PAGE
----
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General Contractor

Utah general contractor license and insurance requirements

Ashley Henshaw image
By Ashley Henshaw
Oct 18, 2021 min read

Planning to do construction work in Utah? You’ll need to get a Utah contractor’s license.

In addition to protecting your business, a Utah general contractor’s license can boost your profit potential by helping you land bigger jobs. Without a license, you’re limited to projects valued at less than $3,000.

There are a number of steps you may need to complete to get your contractor’s license, including:

  • Determine your license classification
  • Register your business
  • Pass a business and law exam
  • Submit an application
  • Pay licensing fees
  • Get business insurance

Although Utah has strict requirements for general contractors, we’re here to help you every step of the way. Read more about how the licensing process works and what you’ll need to do before submitting an application.

Who is required to have a Utah general contractor’s license?

According to Utah’s state laws, anyone who works in the construction, plumbing or electrical trades is a contractor. If your work falls into one of these categories, you’ll need to get a professional license from the state.

Utah state contractor’s license classifications

Utah offers several contractor classifications, including the following general contractor classifications:

  • B100 General contractor
  • R100 Residential/small commercial contractor
  • E100 General engineering contractor
  • E200 General electrical contractor
  • E201 Residential electrical contractor
  • P200 General plumbing contractor
  • P201 Residential plumbing contractor

In addition, there are specialty contractor license classifications, such as:

  • S220 Carpentry and flooring contractor
  • S260 Asphalt and concrete contractor
  • S280 Roofing contractor
  • S330 Landscape and recreation contractor
  • S350 HVAC contractor

Review the entire list of Utah contractor license classifications to determine which one fits the type of work that you do.

Utah general contractor license requirements

Before you apply to become a general contractor or subcontractor in Utah, you’ll need to fulfill the following requirements:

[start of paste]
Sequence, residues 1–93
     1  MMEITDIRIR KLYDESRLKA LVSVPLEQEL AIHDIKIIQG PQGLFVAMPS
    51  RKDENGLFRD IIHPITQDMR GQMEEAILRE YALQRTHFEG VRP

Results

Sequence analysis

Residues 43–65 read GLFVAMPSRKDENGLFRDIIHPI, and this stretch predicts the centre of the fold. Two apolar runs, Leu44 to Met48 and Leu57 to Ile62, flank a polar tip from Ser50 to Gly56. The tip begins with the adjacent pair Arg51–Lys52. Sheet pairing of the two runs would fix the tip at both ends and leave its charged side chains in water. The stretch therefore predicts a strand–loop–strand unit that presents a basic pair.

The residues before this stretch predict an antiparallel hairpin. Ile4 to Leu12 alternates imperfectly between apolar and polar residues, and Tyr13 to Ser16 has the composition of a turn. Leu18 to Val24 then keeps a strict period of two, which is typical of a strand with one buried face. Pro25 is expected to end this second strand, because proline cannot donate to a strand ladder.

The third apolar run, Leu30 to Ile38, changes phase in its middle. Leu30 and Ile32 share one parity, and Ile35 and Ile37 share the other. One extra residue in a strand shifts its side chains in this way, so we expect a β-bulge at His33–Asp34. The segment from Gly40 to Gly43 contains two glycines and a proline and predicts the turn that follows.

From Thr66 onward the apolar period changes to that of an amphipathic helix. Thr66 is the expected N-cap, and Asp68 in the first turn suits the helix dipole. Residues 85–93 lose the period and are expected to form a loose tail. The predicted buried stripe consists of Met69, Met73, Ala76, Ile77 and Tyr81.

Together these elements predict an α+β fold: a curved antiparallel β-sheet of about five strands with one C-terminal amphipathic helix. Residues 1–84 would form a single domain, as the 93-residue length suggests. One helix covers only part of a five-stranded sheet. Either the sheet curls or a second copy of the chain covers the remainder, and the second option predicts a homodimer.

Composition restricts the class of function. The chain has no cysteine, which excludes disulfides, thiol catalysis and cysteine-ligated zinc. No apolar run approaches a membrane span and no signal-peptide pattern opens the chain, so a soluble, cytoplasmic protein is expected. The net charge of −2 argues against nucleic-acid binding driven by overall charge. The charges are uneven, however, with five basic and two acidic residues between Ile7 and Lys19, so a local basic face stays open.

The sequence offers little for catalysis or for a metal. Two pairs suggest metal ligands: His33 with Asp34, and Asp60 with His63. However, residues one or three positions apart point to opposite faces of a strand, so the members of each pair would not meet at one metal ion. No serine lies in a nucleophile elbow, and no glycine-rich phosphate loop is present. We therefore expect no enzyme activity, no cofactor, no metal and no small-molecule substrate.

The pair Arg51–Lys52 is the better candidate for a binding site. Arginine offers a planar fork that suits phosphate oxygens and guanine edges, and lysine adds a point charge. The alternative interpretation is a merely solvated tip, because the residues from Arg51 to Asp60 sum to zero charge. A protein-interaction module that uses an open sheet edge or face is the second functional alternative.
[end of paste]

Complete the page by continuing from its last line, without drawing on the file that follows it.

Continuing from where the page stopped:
Complete a pre-license course

Specialty contractors must take a 25-hour course, while general, plumbing, and electrical contractors must take a 30-hour course. You can choose from a list of approved course providers.

Obtain a certificate of insurance

All licensed contractors in Utah must have general liability insurance with a minimum coverage of $100,000 per incident and $300,000 total. After purchasing coverage, you’ll receive a certificate of insurance. You’ll need to list the Utah Department of Occupational and Professional Licensing (DOPL) as a certificate holder. (Tip: NEXT lets you add certificate holders easily online. No need to call your agent.)

Register your business

Apply to become an LLC, LLP, corporation or partnership with the Utah Department of Commerce. For sole proprietorships, licenses are issued under the applicant’s name.

Obtain a federal EIN

You’ll also need an Employer Identification Number (EIN) from the IRS. Sole proprietors may use their Social Security Number (SSN) instead.

Additional requirements for general contractors

If you are applying for a B100, E100 or R100 classification, you’ll also need to:

  • Document your work experience: You need at least two years or 4,000 hours of paid work experience in the construction industry. There are some accepted substitutions, such as a two- or four-year degree in Construction Management.
  • Pass a business and law exam: Certain applicants may bypass this requirement with previous experience as a licensed contractor.

Additional requirements for electrical and plumbing contractors:

If you are applying for an E200, E201, P200 or P201 classification, you’ll also need to:

  • Be a Master Electrician or Master Plumber: Provide your license number on the application.
  • Pass a business and law exam: In most cases, previous experience as a licensed plumber or electrician is an acceptable substitute.

How to apply for a Utah contractor license